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TitleHuman health risk assessments
DownloadDownload (whole publication)
AuthorLongpré, D
SourcePresentations and recommendations from the workshop on the role of geochemical data in environmental and human health risk assessment, Halifax, 2010; by Rencz, A N (ed.); Kettles, I M (ed.); Geological Survey of Canada, Open File 6645, 2011 p. 10; 1 CD-ROM, https://doi.org/10.4095/287935
LinksCanadian Database of Geochemical Surveys, downloadable files
LinksBanque de données de levés géochimiques du Canada, fichiers téléchargeables
Year2011
PublisherNatural Resources Canada
MeetingWorkshop on the role of geochemical data in environmental and human health risk assessment; Halifax; CA; March 17-18, 2010
Documentopen file
Lang.English
MediaCD-ROM; on-line; digital
RelatedThis publication is contained in Rencz, A N; Kettles, I M; (2011). Presentations and recommendations from the workshop on the role of geochemical data in environmental and human health risk assessment, Halifax, 2010, Geological Survey of Canada, Open File 6645
RelatedThis publication is related to Friske, P W B; Ford, K L; Kettles, I M; McCurdy, M W; McNeil, R J; Harvey, B A; (2010). North American soil geochemical landscapes project: Canadian field protocols for collecting mineral soils and measuring soil gas radon and natural radioactivity, Geological Survey of Canada, Open File 6282
RelatedThis publication is contained in Rencz, A N; Kettles, I M; (2011). Presentations and recommendations from the workshop on the role of geochemical data in environmental and human health risk assessment, Halifax, 2010, Geological Survey of Canada, Open File 6645
File formatpdf
ProvinceBritish Columbia; Alberta; Saskatchewan; Manitoba; Ontario; Quebec; New Brunswick; Nova Scotia; Prince Edward Island; Newfoundland and Labrador; Northwest Territories; Yukon; Nunavut
NTS1; 2; 3; 10; 11; 12; 13; 14; 15; 16; 20; 21; 22; 23; 24; 25; 26; 27; 28; 29; 30; 31; 32; 33; 34; 35; 36; 37; 38; 39; 40; 41; 42; 43; 44; 45; 46; 47; 48; 49; 52; 53; 54; 55; 56; 57; 58; 59; 62; 63; 64; 65; 66; 67; 68; 69; 72; 73; 74; 75; 76; 77; 78; 79; 82; 83; 84; 85; 86; 87; 88; 89; 92; 93; 94; 95; 96; 97; 98; 99; 102; 103; 104; 105; 106; 107; 114O; 114P; 115; 116; 117; 120; 340; 560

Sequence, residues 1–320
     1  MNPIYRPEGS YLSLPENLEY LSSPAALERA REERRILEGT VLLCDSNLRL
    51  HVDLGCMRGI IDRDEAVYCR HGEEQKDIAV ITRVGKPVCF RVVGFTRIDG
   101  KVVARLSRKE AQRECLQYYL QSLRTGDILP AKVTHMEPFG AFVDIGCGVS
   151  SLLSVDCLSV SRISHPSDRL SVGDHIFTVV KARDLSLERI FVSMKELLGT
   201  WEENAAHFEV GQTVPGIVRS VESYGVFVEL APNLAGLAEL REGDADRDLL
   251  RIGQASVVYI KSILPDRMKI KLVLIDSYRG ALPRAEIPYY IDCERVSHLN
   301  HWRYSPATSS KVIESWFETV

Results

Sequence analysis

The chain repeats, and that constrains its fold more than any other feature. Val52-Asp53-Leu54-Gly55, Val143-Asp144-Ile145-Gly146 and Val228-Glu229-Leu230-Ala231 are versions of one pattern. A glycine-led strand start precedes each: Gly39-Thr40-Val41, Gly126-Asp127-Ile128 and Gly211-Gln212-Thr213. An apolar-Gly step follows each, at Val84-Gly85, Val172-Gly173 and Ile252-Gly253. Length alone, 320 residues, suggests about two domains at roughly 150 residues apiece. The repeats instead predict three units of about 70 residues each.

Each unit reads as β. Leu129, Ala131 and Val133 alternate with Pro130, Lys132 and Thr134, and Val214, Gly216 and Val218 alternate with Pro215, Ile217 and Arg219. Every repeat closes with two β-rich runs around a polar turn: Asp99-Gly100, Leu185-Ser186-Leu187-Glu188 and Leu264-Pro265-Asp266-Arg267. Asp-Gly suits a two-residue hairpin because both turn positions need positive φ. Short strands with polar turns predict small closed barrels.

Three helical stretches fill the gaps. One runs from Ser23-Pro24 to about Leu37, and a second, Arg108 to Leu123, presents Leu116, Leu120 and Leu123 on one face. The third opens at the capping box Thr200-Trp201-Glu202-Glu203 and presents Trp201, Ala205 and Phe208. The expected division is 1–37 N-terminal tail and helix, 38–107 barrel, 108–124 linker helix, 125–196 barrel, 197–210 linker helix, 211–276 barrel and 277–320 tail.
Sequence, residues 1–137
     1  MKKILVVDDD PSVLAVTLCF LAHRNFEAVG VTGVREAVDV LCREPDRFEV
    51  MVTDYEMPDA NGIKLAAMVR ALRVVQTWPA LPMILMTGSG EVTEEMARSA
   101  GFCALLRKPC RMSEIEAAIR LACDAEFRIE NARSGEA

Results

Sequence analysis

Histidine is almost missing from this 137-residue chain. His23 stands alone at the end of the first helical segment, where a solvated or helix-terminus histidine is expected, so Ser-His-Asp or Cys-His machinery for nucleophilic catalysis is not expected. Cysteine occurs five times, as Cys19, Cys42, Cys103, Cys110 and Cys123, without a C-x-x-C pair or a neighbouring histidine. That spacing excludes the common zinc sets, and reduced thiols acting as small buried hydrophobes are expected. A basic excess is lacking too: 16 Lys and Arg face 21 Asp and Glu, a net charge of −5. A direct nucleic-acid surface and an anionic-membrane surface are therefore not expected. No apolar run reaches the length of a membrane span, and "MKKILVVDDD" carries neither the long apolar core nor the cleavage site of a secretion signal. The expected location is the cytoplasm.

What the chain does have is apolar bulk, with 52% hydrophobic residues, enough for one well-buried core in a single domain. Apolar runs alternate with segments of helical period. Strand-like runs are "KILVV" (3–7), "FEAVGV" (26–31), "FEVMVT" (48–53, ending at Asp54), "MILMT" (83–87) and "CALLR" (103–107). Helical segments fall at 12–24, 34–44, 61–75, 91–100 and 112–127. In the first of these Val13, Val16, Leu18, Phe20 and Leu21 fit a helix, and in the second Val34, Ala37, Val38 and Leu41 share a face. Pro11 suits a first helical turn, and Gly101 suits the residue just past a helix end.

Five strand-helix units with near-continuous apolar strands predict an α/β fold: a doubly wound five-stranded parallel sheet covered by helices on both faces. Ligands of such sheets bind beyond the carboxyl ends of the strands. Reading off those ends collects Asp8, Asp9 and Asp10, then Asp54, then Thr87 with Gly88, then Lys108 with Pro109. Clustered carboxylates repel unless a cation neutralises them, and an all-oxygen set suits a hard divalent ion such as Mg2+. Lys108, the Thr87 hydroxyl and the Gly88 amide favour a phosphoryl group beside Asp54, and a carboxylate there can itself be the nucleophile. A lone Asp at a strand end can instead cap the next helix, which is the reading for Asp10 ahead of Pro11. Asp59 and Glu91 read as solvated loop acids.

Lat/Long WENS-141.0000 -50.0000 90.0000 41.7500
Subjectsgeochemistry; soils science; surficial geology/geomorphology; environmental geology; environmental analysis; environmental studies; environmental impacts; soil geochemistry; soils; soil studies; soil samples; soil properties; heavy metals contamination; pollution; pollutants; biogeochemistry; biogeochemical surveys; glacial deposits; tills; geochemical surveys; Cenozoic; Quaternary
Viewing
Location
 
Natural Resources Canada Library - Ottawa (Earth Sciences)
 
Natural Resources Canada library - Calgary (Earth Sciences)
 
Geological Survey of Canada (Atlantic)
 
Natural Resources Canada library - Vancouver (Earth Sciences)
 
Natural Resources Canada library - Québec (Earth Sciences)
 
ProgramEcosystems Risk Characterization, Environmental Geoscience
Released2011 01 01
AbstractBefore a site is considered contaminated, concentrations of chemicals, particularly natural elements, should be compared to data from local or regional surveys of background soil quality in uncontaminated areas, if data are available. On-site levels would be considered to be consistent with background where the maximum measured concentration of a COPC is less than or equal to a representative statistic for background concentration. If it is found that concentrations of Contaminants of Potential Concern (COPCs) at the site are representative of background levels, then the site may not be contaminated despite the fact that generic environmental quality guidelines are exceeded. In a human health risk assessment, if concentrations of a contaminant are within the range of local or regional background conditions, the contaminant should be excluded from further consideration as a COPC.
The concept of background concentrations of chemicals varies among jurisdictions. Potential background levels can be derived from data taken from control sites located close to, but outside the influence of the contaminated site, or may be based on more regional values. Whichever concept is employed, there is a need for a standardized approach to assessing the availability and appropriateness of data on background levels, or evaluating the need for sampling background concentrations at a reference site. CCME Soil Quality Guidelines - Human Health Many contaminants, particularly metals, are naturally occurring, and natural levels can exceed CCME soil quality guidelines and other generic guidelines without representing anthropogenic contamination. When setting national guidelines, the CCME derives guideline values by determining the tolerable or essentially negligible concentration of a contaminant above the background (natural) level (CCME, 2006). The CCME also recognizes that natural levels in soil vary spatially, and recommends that local soil quality objectives be established that incorporate local or regional background concentrations if they are significantly different from the background value used in the derivation of the national generic guideline for a particular contaminant (CCME, 1996).
In principle, for threshold contaminants, the total exposure from direct soil pathways should not generally exceed typical background soil exposures by more than 20% of the residual tolerable daily intake (RTDI), although >20% may be allotted under certain circumstances. If the chemical is identified as a non-threshold substance by Health Canada, then a guideline will be developed
GEOSCAN ID287935